Address of the President of the Inter-American Court of Human Rights, Judge Antônio Augusto Cançado Trinidade, during the Official Act commemorating the 30th Anniversary of the American Convention on Human Rights and the 20th Anniversary of the Inter-American Court of Human Rights (National Theater, San José, Costa Rica, November 22, 1999), reprinted in 1998 Annual Report of the Inter-American Court of Human Rights [777], OEA/Ser.L/V/III.47, doc. 6 (2000).


            We are forty days from the year 2000. On the eve of the new century, we live a moment of deep reflection on the future of mankind. The great thinkers of the XXth century have been unanimous in warning to the paradoxes of our times, such as the divorce between specialized knowledge and wisdom, and the antinomy between the advances in the sciences and the lack of control of human impulsos. It is painful to acknowledge that, in fact, the extraordinary scientific and technologiccal advances of our time have been accompanied by unprecedented cruelties against the human being. This most tragic paradox of the XXth century leads us, on the other hand, to rescue, as the most precious legacy for the next century, la evolution, fostered in moments of lucidity amidst so much violence and destruction, of the international protection of human rights along the last five decades.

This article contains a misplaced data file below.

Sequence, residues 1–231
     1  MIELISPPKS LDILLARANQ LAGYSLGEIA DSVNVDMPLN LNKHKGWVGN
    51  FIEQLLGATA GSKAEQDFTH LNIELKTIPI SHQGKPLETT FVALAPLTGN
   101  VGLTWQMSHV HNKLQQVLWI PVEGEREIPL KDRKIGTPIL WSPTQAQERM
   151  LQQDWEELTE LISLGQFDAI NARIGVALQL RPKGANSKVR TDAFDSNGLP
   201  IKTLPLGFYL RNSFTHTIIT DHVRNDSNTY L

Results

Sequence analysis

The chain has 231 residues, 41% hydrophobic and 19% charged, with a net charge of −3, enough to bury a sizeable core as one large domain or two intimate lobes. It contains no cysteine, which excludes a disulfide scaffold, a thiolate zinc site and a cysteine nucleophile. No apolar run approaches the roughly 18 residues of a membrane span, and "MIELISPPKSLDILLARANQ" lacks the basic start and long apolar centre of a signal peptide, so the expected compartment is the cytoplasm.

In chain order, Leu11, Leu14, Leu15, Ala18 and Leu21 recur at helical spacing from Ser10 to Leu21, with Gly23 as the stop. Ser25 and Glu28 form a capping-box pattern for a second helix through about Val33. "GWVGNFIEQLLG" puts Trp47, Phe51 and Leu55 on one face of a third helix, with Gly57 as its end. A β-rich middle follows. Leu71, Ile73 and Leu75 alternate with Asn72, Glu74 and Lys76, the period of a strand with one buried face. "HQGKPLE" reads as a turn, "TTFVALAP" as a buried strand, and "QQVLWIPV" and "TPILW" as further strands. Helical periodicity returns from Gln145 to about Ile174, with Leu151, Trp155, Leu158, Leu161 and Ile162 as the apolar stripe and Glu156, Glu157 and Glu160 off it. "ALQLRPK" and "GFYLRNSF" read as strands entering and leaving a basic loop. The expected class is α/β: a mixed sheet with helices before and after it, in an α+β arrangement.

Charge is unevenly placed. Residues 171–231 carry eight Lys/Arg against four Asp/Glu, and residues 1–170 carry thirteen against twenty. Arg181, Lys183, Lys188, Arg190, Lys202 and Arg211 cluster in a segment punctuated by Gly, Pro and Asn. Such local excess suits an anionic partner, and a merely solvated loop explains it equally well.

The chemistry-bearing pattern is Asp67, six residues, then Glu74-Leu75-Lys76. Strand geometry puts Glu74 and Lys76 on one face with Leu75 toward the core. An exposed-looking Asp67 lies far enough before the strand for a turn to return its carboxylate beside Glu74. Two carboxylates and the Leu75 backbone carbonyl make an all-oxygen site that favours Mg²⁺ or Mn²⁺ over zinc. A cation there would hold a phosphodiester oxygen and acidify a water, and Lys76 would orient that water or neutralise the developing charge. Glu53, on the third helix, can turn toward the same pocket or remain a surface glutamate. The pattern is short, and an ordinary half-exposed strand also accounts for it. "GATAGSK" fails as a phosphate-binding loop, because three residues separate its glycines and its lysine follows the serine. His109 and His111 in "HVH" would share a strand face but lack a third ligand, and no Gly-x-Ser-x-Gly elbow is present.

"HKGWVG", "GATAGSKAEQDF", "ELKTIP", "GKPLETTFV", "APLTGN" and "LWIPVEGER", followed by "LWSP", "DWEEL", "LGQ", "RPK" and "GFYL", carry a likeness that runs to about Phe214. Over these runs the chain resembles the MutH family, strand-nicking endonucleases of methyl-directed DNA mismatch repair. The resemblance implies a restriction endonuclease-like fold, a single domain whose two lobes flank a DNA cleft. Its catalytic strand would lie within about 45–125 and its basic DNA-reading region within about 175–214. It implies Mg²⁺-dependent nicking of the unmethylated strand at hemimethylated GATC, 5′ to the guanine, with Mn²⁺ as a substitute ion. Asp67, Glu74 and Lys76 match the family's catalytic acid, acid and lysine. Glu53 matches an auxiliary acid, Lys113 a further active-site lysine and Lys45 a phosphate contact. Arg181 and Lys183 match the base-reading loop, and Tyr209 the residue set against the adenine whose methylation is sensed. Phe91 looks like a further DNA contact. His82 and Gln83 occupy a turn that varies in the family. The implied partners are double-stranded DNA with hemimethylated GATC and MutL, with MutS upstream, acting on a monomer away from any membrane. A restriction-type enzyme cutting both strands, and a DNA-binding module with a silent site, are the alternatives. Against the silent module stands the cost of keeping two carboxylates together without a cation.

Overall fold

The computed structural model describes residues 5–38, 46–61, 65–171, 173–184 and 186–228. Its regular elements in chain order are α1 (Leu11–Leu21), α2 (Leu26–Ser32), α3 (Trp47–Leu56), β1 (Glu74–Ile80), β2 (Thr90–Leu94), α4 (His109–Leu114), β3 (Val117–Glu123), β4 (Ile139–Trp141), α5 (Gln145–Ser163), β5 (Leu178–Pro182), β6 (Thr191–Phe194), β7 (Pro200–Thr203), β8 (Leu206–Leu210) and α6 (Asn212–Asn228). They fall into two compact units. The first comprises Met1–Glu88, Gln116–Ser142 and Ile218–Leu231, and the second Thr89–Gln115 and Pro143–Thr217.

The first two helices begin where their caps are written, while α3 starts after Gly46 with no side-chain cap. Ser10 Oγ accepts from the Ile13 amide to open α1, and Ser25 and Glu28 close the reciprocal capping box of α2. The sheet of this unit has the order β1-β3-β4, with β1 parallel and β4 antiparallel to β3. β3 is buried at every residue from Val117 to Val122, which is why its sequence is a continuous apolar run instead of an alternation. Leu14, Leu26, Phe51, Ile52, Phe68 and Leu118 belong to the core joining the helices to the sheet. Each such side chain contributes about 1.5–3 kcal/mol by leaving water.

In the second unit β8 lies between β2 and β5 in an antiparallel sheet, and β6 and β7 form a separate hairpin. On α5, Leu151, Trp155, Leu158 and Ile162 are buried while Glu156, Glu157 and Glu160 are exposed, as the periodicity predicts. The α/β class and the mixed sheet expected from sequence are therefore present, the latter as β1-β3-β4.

Slightly over twenty years ago, on 03 September 1979, the Inter-American Court of Human Rights was being installed, in this city of San José of Costa Rica, created as it was by the American Convention on Human Rights of 1969. At that time, the Convention had 14 States Parties, and not a single one had accepted the jurisdiction in contentious matter of the Court. Two decades having lapsed, of the present 24 States Parties to the Convention, 20 have recognized the contentious compulsory jurisdiction of the Inter-American Court, giving today unequivocal signs of their determination to exercise the collective guarantee underlying the Convention to the benefit of all human beings under their respective jurisdictions.

            May I take the historical commemoration of today, at first, to thank the people and the Government of Costa Rica, in the person of the President of the Republic, for having hosted throughout the last two decades the Inter-American Court of Human Rights; without this support this latter would not be the institution which is has become nowadays. Besides the headquarters of the Court, Costa Rica has donated to this latter an annual contribution which has proven vital for the operation of the Tribunal. The Government of Costa Rica signed with the Court two important Agreements: that of the privileges and immunities of the Tribunal (Headquarters Agreement, in force since 1983), and that of the creation of the Inter-American Institute of Human Rights (which entered into force in 1980).